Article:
Observed Ichneumonid parasitoids of Nematus pavidus
Illustrated observations from 2006 to 2009
Symphyta, or Sawflies, are members of the hymenoptera. Females lay their eggs on particular plants (the plant chosen depends on the species of Sawfly) using their modified ovipositor, or saw, to prepare the leaves. The larvae feed extensively on that selected vegetation until they are fully-grown and ready to pupate (or in some cases, aestivate).
Nematus pavidus is a Sawfly dependant on Salix sp.
Ichneumonids are also members of the hymenoptera, and are parasitic on insect larvae. The female uses her ovipositor to inject an egg or eggs into the host larva. These parasitoids develop inside the host larva and consume it before pupation. Many ichneumonids are parasitic on lepidopterous larvae, others on dipterous larvae, still others on Sawfly larvae, and some on the larvae of other ichneumonids. This latter group are known as paraparasites and hyperparasites.
This paper presents the current results of an ongoing study into parasitoids and paraparasitoids of larvae of the Sawfly Nematus pavidus as observed at Raphoe, Co. Donegal, Ireland between 2006 and 2009.
The Salix specimens observed are Salix cinerea on a grass verge bordering a narrow roadway, and backing onto pasture bordered by Gorse and Hawthorn. The Salix are pruned to the ground in winter every 2 years, so the growth is very vigorous and the leaves are much larger than those usually encountered - about 10 cm long.
Oviposition and Saw
Female Sawfly ovipositing on Salix:
Close-up of the saw:
Eggs are deposited in large batches of around 50-80. Notice the anchoring slits cut into the leaf:
The larvae hatch and go through a number of instars, with populations of different instars being present at the same time, due to successional laying, probably by different females. This image shows - on a single leaf - (clockwise from 12) newly-hatched larvae, mature eggs (1 o'clock), instar-2 larvae (large hole, 6 o'clock), and a hatching batch at 10 o'clock.
In the following image, at least 3 instars are shown:
The larvae abruptly and swiftly adopt a defensive, S-shaped posture when disturbed:
This is thought to be a mechanism to avoid parasitisation, and the success of this mechanism was frequently observed, with both parasitoids and hyperparasitoids being physically repelled by the sudden change of posture.
Campodorus sp. females were observed ovipositing from the underside of the leaf, flexing the elongated abdomen.The Campodorus appears to be protecting itself from the Nematus pavidus larva's protection reflex.
On very few occasions, the Campodorus oviposited from the same side of the leaf:
The hyperparasite is Mesochorus sp. These lay their eggs in larvae which have already been parasitised by other ichneumonids (or, indeed Tachinids - parasitic flies). Two or three days after the initial parasitisation, Mesochorus were observed testing the defensive reflex of the larvae, by rapidly beating their front legs down on the leaf at either side of the larva's head. It is presumed that parasitised larvae have the defensive reflex reduced in some way by the presence of the egg of the primary parasite. This is both an advantage and a disadvantage to the Campodorus: it enables the Campodorus to identify already parasitised larvae and avoid depositing an egg in an already-parasitised larva, but it also allows the Mesochorus to identify the presence of the primary parasite.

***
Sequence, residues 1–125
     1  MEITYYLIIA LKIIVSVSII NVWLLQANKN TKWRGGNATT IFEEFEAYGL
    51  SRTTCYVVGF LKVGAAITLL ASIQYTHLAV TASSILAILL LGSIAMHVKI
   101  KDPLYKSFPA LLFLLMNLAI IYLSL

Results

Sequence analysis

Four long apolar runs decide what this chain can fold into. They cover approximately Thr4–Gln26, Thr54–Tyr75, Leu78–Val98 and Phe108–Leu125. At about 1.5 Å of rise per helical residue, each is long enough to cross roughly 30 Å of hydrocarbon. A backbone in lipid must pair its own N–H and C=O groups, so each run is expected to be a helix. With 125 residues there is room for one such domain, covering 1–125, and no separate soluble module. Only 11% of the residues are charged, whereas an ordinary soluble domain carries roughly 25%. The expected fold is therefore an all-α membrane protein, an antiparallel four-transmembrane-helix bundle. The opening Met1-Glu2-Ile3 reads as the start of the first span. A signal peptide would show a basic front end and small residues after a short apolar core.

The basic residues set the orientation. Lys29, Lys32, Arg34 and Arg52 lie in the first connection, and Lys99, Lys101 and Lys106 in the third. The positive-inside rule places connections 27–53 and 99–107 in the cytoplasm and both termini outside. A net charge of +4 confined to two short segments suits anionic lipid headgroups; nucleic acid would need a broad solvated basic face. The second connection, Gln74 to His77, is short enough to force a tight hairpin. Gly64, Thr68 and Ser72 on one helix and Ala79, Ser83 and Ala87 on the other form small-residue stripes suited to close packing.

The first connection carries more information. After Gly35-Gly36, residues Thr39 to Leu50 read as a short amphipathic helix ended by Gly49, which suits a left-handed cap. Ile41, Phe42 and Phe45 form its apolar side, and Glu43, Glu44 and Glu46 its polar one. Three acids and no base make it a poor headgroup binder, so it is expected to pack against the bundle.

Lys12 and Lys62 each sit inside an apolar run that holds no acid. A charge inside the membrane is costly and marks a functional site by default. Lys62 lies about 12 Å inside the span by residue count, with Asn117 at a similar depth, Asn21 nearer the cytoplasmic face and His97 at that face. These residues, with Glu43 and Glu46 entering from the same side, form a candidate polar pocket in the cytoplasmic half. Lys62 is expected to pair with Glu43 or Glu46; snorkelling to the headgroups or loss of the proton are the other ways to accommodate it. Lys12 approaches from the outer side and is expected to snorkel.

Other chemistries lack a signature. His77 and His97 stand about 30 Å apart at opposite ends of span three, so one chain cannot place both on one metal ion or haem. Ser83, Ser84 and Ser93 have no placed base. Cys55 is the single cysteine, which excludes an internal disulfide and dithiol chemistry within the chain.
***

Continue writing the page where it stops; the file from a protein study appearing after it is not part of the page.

This image shows the Mesochorus in the process of ovipositing from a straddle position:
A rear-view image of the Mesochorus ovipositing:
The hyperparasitoid was observed laying multiple eggs into the same host larva. This sequence shows 4 eggs being injected:
Note that in the above sequence, the larva does not adopt the defensive position.
The conclusion is that since the hyperparasitoid is only slightly smaller than the primary parasitoid, then only one egg must be viable in each larva (there is only so much protein available to be consumed): 75% of the eggs will miss the target and be wasted. So the multiple egg-laying indicates that the precise location of the target of the hyperparasitoid must be difficult (or impossible) to determine, so multiple eggs are deposited to give one the chance to find its target. This wastage of eggs is unusual in parasitisation: by observation, ichneumonids are usually extremely accurate when finding hosts and injecting eggs.
The following image attempts to give some scale to the matter at hand. The hyperparasite is shown just to the right of centre of the Salix leaf.
Some larvae adopt a hanging posture, presumably to avoid the ichneumonid. The ploy doesn't always work:
1) Solidify and tidy up terminology - parasite vs parasitoid vs hyperparasite vs paraparasite, etc.
2) At present, identifications have been performed as far as is possible from photographs. Specimens will be captured this year (2009), and hopefully we will then have identification to species.
3) It is currently unknown if the hyperparasite targets the egg or larva of the primary parasite, although the short timescale (2-3 days from initial parasitisation) would suggest that the egg is the target. Update: September 2009. The timing was confirmed in September 2009 as 2 days between primary and secondary parasitisation, both on the same batch. The hyperparasite must be targetting the egg of the primary parasite. This would explain the multiple injections made by the Mesochorus: the Campodorus egg will be difficult to locate. It also makes sense in terms of the Campodorus larva. If it hatched early it would have to consume the sawfly larva before the sawfly larva had reached full size, and this clearly doesn't happen. So, again, the Campodorus egg makes more sense than the Campodorus larva as a target.
4) Publication (where?)
© Stuart Dunlop 2006 - 2009